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Area 49

This guide provides information on how to use technology within Area 49, as well as guides for digital technologies and physical projects. Area 49 is available for use by all current students, faculty, and staff.

Virtual Reality Best Practices Infographic Transcript

Virtual Reality Infographic (Transcript Below) 

Virtual Reality Best Practices

Being a good human matters with VR, too!

General safety practices, such as only playing inside, removing obstacles, visually designating a play space, and limiting play time are good rules of thumb, consider also some other best practices that make the experience better for everyone.

The Play Space

When you're the player:
  • Let others know your designated play space boundaries. It may help to visually designate them in the real world.
When you're not the player:
  • Keep out of the designated play space. If you need to enter it for any reason, ask the player before doing so.
  • Let the player know (the best you can) when you enter or leave the room.

When Playing

  • Let others in your play space know that you are playing and you may not be able to hear them when if they talk to you.
  • Set a timer or alarm so you know how long you've been playing. Time can fly when you're in a virtual world!
  • Always use the wrist straps! VR can get intense. It's worth the extra precaution, even if you think you're being careful.

Ask Before You Help

If you need to touch the player for any reason (usually to help them figure something out in-game, ask them first and be specific. Ask things like:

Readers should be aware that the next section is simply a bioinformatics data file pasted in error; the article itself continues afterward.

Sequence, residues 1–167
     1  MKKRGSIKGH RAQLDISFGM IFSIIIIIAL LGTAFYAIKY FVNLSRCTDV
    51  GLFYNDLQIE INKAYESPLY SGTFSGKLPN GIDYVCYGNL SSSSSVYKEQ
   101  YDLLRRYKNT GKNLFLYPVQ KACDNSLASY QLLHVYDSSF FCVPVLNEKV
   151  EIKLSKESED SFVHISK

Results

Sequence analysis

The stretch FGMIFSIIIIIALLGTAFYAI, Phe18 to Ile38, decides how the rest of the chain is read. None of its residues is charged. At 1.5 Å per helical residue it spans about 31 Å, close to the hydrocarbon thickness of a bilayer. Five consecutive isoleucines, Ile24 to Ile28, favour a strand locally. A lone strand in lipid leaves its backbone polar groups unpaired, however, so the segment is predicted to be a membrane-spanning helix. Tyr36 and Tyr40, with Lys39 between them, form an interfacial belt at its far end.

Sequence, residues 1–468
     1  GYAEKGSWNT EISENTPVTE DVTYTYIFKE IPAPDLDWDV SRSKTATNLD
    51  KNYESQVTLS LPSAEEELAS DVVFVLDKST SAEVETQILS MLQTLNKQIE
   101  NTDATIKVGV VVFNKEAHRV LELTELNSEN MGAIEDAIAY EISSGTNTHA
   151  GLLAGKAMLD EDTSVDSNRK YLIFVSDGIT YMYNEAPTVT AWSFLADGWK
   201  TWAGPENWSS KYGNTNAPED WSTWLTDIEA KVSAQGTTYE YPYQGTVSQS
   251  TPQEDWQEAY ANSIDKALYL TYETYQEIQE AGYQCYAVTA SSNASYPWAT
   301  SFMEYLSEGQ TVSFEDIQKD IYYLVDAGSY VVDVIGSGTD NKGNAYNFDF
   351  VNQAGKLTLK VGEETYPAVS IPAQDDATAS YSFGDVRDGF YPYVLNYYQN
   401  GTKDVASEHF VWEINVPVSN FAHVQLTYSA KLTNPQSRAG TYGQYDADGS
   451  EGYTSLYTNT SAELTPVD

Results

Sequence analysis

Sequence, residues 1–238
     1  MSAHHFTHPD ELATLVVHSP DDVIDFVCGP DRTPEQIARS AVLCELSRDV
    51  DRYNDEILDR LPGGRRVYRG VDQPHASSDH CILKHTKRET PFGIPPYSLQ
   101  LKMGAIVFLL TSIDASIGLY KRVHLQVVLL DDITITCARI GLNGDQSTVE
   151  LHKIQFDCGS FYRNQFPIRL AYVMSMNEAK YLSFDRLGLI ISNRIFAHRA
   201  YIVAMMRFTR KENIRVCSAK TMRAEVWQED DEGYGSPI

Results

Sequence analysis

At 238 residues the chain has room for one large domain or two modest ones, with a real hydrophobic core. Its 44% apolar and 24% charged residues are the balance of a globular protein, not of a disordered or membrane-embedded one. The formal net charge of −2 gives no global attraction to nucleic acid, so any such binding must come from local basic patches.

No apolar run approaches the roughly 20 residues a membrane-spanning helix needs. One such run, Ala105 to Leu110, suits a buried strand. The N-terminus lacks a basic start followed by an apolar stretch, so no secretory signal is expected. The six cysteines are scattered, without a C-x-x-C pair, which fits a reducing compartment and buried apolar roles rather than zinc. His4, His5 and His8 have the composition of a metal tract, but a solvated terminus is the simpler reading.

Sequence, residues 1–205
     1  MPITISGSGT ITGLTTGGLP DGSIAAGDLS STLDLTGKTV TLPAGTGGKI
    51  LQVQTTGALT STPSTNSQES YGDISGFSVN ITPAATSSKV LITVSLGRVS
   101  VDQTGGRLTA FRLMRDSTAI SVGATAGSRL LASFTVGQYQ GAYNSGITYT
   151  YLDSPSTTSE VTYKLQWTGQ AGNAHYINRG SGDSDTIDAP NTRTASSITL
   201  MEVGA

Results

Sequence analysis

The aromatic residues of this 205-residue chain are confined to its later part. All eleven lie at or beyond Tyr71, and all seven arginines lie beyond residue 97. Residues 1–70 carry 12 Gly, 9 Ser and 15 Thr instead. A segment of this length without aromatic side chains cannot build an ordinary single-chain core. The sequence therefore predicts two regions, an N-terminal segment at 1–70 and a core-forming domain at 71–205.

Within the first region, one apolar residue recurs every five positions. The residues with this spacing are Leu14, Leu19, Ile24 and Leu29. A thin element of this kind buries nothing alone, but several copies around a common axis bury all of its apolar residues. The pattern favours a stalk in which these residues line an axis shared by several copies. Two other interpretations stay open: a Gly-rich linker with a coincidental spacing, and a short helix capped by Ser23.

• Can I touch your left hand?
  • Can I turn you around?

Being touched can be jarring or even frightening while in the headset. Players can't see what you are doing and may not know who is touching them.

Player's Choice

Putting on the headset should be the player's choice. Some reasons may be:

  • Not liking things on their face/head
  • Not wanting to get overheated
  • Uncertainty of happenings in the physical surroundings
  • Motion sickness, claustrophobia, or cleanliness
  • Not wanting to play a certain game
  • Not feeling like playing that day
  • And any other reason they may have


Virtual Reality is not yet appropriately accessible for those with larger hair styles, such as large head wraps, buns, afros, and more. We are always looking for better solutions that don't require the player to change something about themselves. For now, we can suggest:

  • Using a bandana or head wrap to fit hair under the straps
  • Pushing the head strap to the top of the headset and attaching strong tie straps to fit over and under hair at two points, instead of one.


Although we and the VR community are trying to change this, the tech and requirements of VR can make it restrictive for some who have differences such as:

  • Low or no vision or hearing
  • Large glasses
  • Social and developmental disorders and anxiety
  • Dexterity ability differences
  • Sensitivity to lights, loud noises, and sudden movement
  • And many other physical and mental differences and preferences

Help Us Help You!

Is there something we've left out that would be good for people to know? Do you know of an accessory or something we could make that would make VR more accessible or easier to use? Let us know at